See the big picture.
Kravitz told me in geriatrics you always gotta keep your eye on the big picture.
What if the arthritis and the bowel inflammation are all part of the same disease process? It's possible.
If the side effects of her medications were actually symptoms of the underlying issue.
We've been looking at this all wrong.
Let's get back to Gloria's prescriptions and see if we can't get her some answers when she wakes up.
It just keeps rising.
Can we dialyze faster? Any faster and his neurons could shear from diffusion.
Just give it a minute.
Conrad, this is the brain.
A minute can be the difference between life and death.
Just give me one more minute.
We don't have good choices here.
- Billie, we're on the same side.
- But this is my OR.
- It dropped.
- Wait, Dr.
That number's still dangerously high.
It worked.
You ready to close? Sure am.
Focus on that still space between our inhale and our exhale.
Please remember to silence your devices before we begin the class.
- I seem to have gotten turned around.
- Okay.
My wife is in surgery.
Can you direct me to the waiting room? Uh, here, let me show you.
The cavalry has arrived.
77-year-old woman with a bowel perf.
Pressure started tanking.
At first I thought it was peritonitis, then I saw her neck.
I need ultrasound now.
Any idea why she might be in tamponade? No idea what the underlying issue is.
Right now, we just need to get her off the table.
Start another epi and bolus a liter.
There's fluid around her heart.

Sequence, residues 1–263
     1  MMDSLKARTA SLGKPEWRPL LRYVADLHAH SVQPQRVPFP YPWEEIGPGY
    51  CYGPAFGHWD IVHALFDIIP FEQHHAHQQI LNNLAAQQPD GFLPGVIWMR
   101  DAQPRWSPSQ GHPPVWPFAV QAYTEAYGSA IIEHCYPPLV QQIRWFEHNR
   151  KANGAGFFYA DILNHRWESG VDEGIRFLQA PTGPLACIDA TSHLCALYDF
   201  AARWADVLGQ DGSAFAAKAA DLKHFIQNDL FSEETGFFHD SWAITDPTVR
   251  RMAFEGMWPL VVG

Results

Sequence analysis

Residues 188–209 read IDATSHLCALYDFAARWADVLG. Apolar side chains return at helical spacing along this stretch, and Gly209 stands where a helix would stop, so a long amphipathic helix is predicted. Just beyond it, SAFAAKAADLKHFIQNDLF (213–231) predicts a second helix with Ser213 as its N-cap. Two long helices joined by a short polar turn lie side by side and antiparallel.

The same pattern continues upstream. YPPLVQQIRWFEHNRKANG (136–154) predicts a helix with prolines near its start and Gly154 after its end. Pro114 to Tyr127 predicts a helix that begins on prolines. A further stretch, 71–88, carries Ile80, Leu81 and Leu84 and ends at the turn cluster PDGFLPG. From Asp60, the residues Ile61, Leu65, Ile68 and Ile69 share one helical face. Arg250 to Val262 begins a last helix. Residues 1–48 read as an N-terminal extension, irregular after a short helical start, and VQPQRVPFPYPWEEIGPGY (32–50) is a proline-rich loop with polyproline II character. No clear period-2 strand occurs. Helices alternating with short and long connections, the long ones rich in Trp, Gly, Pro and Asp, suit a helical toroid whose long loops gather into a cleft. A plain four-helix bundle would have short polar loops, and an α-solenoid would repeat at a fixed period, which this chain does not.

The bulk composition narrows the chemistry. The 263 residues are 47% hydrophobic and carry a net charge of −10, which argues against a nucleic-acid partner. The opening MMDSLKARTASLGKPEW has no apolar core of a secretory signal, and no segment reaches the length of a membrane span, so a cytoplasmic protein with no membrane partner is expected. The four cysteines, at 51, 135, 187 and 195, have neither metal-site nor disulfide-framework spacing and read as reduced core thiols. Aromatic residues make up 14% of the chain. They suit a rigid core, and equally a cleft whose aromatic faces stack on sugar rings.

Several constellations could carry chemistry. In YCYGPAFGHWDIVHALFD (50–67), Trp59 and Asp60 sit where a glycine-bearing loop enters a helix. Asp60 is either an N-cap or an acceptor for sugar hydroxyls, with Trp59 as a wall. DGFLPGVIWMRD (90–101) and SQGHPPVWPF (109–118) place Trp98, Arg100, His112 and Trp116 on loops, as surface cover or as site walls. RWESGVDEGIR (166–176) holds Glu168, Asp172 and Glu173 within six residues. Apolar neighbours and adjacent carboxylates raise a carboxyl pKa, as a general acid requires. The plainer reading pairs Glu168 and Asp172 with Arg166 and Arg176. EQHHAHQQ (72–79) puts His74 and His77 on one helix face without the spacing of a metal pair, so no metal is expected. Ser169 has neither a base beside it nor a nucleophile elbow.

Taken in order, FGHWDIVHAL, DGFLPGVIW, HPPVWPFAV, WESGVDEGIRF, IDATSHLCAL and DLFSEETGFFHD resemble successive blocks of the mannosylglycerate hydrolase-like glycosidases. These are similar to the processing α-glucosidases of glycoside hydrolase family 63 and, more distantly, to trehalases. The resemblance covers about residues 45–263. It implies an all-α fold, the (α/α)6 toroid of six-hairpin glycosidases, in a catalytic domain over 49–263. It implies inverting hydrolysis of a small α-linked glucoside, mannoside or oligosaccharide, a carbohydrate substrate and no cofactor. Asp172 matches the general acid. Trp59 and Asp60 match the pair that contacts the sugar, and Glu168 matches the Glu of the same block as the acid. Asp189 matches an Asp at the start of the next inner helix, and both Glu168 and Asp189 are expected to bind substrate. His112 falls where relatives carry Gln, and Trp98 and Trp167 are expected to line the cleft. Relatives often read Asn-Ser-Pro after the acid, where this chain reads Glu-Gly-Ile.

We need to prep her for pericardiocentesis.
Okay, I'll finish up so I can assist.
All right, but if she doesn't stabilize, Bell, I'm gonna have to crack her chest open.
Oh, God, let's hope not.
Oh, man, I can't wait to tell 'em.
Hey, we figured it out.
Gloria's medications didn't cause her problems, but they masked an underlying one: Whipple's disease.
That's what caused her arthritis, weight loss, fatigue.
And steroids that her doctors first thought was arthritis only made it worse.
She told us that they increased her dose, leading to the perf.
Now all Gloria needs is an antibiotic.
We can take her off of - almost everything else.
- She didn't make it.
- I'm sorry.
- What? She She developed cardiac tamponade, which was probably the final complication of her undiagnosed Whipple.
And Austin was working to place a pericardial drain when she coded.
We did five rounds of CPR.
More than I should have on a woman her age.
It was a tough one.
Now, if she'd been treated properly, or if she'd gotten to us sooner, maybe we could have done something to turn it around.
But today it was just far too late.
Kravitz Kit is his friend, so I will call her to tell him.
Even if we had diagnosed her sooner, Gloria's disease began years ago.
There's nothing we could have done.
Gloria wasn't just another fragile old lady.
She was strong, in love.
She deserved more time.
But every doctor looked at her like just another lost cause.
No one cared enough to see that by just treating her symptoms, they were actually making her worse.
No one saw the bigger picture until you did.
Reconsider going into gerontology, Zach.
You may have a gift.
I am so sorry.
I'm so sorry.
Look what I made you.
Wow! Hey.
So we'll continue dialysis until we lower his ammonia levels, but with some attention and lifestyle modifications we can manage this.
You will need to look out for any signs that his ammonia levels are up.
Sluggishness, nausea, vomiting.
Avoid extreme temps.
Keep him hydrated and on a low-protein diet.
No more roast beef sandwiches.
He'll do great.
I can't thank you enough.
Well, we did have help.
How would you two like a surprise? What is it, Daddy? What is it? Wow! It's beautiful.
Nolan as a sperm donor? Our Nolan? - Yep.
- Ooh.
- That put the fear of God in me.
- Yeah, I bet.
But the eggs are gonna be retrieved in about two weeks, which means I need a volunteer, fast.
Someone I trust, someone I care about.
What are you gonna do? Actually, um, I had a crazy idea.
You and I are good friends, now that we aren't lovers, and I wouldn't mind a kid a lot like you.
You could do worse.
So what if I did have a kid just like you? You want me to be your sperm donor?
Previous EpisodeNext Episode